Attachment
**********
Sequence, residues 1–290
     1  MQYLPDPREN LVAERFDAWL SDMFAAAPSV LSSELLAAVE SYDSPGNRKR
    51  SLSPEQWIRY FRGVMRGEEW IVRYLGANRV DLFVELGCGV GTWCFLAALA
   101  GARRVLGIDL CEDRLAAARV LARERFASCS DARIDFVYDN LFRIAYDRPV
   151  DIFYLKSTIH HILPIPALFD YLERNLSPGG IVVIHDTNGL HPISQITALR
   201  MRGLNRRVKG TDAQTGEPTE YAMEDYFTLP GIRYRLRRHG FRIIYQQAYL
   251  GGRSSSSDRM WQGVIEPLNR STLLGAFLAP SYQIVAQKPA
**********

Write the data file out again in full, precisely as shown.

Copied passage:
Sequence, residues 1–290
     1  MQYLPDPREN LVAERFDAWL SDMFAAAPSV LSSELLAAVE SYDSPGNRKR
    51  SLSPEQWIRY FRGVMRGEEW IVRYLGANRV DLFVELGCGV GTWCFLAALA
   101  GARRVLGIDL CEDRLAAARV LARERFASCS DARIDFVYDN LFRIAYDRPV
   151  DIFYLKSTIH HILPIPALFD YLERNLSPGG IVVIHDTNGL HPISQITALR
   201  MRGLNRRVKG TDAQTGEPTE YAMEDYFTLP GIRYRLRRHG FRIIYQQAYL
   251  GGRSSSSDRM WQGVIEPLNR STLLGAFLAP SYQIVAQKPA